Alan Rappeport of the Financial Times reported as follows:
The US economy continued to contract in the first quarter of this year as business investment collapsed in the face of eroding global demand.
Preliminary commerce department figures showed on Wednesday that US gross domestic product declined by an annualised rate of 6.1 per cent in the first quarter, after declining by 6.3 per cent during the fourth quarter of last year. The decline was worse than the 4.7 per cent that economists expected and marks a slight improvement from the fourth-quarter contraction, which was the sharpest since 1982.
The US economy has not contracted for three consecutive quarters since the first quarter of 1975 and the last six months have been the weakest such period in 51 years.
The economic slowdown was blunted by an uptick in consumer spending and a rebalancing of the trade gap due to a steep decline in imports. In the first quarter imports plunged by 34.1 per cent while exports fell by 30 per cent, as trade dried up. It was the biggest quarterly decline in exports since 1969.
Business investment was the biggest drag on economic growth. The 51.8 per cent decline drained 8.83 percentage points from GDP, as the recession spread from consumers to companies. Private businesses decreased inventories by $103.7bn in the first quarter compared with a decline of $25.8bn in the fourth quarter. That sapped 2.79 per cent from overall GDP, as companies worked to clear stocks.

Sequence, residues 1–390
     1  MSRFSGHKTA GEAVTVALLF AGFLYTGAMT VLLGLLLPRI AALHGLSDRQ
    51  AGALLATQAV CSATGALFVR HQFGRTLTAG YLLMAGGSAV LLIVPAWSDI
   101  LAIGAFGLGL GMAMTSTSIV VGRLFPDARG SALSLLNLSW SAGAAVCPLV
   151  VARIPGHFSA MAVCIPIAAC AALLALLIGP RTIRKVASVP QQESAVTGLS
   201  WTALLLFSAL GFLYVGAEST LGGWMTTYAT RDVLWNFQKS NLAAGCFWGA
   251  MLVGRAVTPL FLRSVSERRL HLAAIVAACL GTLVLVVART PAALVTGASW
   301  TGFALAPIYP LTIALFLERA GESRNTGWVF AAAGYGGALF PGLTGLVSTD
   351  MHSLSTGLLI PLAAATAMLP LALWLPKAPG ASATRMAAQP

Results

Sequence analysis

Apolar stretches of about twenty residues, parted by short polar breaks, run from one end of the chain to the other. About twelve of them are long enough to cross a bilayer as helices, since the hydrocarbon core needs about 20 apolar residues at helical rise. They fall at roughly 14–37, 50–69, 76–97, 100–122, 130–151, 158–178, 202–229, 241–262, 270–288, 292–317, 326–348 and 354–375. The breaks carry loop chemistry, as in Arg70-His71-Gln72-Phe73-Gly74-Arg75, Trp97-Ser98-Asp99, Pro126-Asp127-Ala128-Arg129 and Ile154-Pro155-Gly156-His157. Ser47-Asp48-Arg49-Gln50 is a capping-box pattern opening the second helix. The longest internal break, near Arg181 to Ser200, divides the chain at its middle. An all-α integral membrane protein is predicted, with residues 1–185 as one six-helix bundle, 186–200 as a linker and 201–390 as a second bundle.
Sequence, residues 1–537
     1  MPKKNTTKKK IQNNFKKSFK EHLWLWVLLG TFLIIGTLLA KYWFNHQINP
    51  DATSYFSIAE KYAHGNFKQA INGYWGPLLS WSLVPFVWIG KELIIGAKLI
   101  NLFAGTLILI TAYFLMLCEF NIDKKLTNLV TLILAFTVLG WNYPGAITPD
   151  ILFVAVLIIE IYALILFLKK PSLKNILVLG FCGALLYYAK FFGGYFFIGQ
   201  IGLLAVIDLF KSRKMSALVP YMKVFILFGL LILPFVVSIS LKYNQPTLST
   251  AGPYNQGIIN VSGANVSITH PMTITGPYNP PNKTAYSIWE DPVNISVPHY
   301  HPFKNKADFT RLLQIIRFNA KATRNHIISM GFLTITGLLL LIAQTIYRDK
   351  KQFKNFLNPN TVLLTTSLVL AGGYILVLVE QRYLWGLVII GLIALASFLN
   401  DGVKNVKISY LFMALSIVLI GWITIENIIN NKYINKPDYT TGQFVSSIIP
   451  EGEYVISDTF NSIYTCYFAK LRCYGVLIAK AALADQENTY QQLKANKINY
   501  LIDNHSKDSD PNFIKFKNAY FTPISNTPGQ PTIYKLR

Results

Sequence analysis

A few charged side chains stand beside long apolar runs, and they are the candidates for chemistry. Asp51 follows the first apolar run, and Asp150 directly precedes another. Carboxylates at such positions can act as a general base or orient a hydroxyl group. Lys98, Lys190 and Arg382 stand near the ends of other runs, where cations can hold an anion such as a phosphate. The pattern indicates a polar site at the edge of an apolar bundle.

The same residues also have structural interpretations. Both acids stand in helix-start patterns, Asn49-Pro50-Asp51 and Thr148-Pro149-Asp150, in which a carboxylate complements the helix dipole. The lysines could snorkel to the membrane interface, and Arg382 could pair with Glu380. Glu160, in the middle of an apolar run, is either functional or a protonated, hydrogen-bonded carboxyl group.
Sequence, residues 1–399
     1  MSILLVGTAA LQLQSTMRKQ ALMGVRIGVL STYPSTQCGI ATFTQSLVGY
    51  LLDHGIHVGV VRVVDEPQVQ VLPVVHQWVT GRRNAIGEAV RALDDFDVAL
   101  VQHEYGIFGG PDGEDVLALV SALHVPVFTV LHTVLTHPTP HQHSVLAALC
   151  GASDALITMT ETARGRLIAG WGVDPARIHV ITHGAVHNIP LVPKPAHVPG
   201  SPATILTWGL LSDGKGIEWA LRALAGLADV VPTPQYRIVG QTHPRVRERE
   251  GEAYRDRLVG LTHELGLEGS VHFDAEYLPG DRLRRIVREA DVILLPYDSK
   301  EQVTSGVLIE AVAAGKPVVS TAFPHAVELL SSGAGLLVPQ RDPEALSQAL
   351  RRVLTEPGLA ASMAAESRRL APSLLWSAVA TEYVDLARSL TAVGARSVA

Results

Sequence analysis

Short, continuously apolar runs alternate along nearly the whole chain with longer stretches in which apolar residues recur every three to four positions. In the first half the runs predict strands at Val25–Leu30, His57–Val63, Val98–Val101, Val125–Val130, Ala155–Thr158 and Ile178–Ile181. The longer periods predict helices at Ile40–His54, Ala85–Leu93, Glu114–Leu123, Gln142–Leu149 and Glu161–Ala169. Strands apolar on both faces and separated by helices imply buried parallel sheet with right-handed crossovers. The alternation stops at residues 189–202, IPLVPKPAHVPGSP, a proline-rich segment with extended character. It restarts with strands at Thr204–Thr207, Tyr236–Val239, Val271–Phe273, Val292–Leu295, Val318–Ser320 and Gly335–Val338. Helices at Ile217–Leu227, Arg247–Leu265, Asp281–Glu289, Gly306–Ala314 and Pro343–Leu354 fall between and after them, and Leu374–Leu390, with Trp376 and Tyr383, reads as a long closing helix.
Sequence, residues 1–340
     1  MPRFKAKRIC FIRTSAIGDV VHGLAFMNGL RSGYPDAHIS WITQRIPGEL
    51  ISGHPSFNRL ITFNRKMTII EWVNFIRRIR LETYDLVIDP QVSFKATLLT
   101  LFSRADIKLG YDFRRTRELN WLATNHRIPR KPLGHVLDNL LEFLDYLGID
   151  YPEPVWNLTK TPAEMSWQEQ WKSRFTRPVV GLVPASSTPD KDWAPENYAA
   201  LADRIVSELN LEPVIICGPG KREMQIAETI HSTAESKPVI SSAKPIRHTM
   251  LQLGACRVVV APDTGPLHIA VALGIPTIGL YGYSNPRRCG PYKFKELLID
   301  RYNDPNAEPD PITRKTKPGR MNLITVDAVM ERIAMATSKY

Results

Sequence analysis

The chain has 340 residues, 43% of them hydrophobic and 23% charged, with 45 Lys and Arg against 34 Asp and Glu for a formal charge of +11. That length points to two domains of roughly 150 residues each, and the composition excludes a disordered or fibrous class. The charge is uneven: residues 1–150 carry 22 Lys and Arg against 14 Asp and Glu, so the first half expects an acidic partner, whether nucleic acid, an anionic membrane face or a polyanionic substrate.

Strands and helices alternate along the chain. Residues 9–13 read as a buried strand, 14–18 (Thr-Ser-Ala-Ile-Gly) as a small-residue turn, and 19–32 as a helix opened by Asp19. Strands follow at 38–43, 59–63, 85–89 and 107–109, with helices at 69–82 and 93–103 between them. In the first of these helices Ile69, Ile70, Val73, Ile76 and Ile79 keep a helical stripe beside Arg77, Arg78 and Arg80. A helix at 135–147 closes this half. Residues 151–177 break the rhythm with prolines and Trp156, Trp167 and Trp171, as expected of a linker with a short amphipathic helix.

“What started out as a housing-led downturn that would hit consumption hardest is now clearly having a much bigger impact on businesses,” said Paul Ashworth, US economist at Capital Economics.
Economists took hope that the US consumer proved resilient, with spending rising by 2.2 per cent compared with a decline of 4.3 per cent during the last quarter. Spending was focused on durable goods and lifted overall output by 1.5 percentage points.
Government spending, which helped to buoy GDP in the last quarter, eased so far this year. Federal consumption was off by 4 per cent in the first quarter compared with a 7 per cent increase the quarter before, as defence spending dipped.
Although the US economy has been mired in the worst recession since the Great Depression and unemployment, at 8.5 per cent, sits at a 25-year high, better-than-expected data and a stock market rally had recently offered some glimmers of hope. And though most figures continue to show declines, there had been signs of stabilisation in consumer confidence, home sales and construction.
Economists predict that the impact of the $787bn government stimulus package will not be felt until the second half of this year and that the economy could contract further in the second quarter before flattening.
The US government’s latest 10-year budget outline projected that the economy would contract by 1.2 per cent in 2009 before rebounding to 3.2 per cent growth in 2010. However, many economists suggest those forecasts are overly optimistic.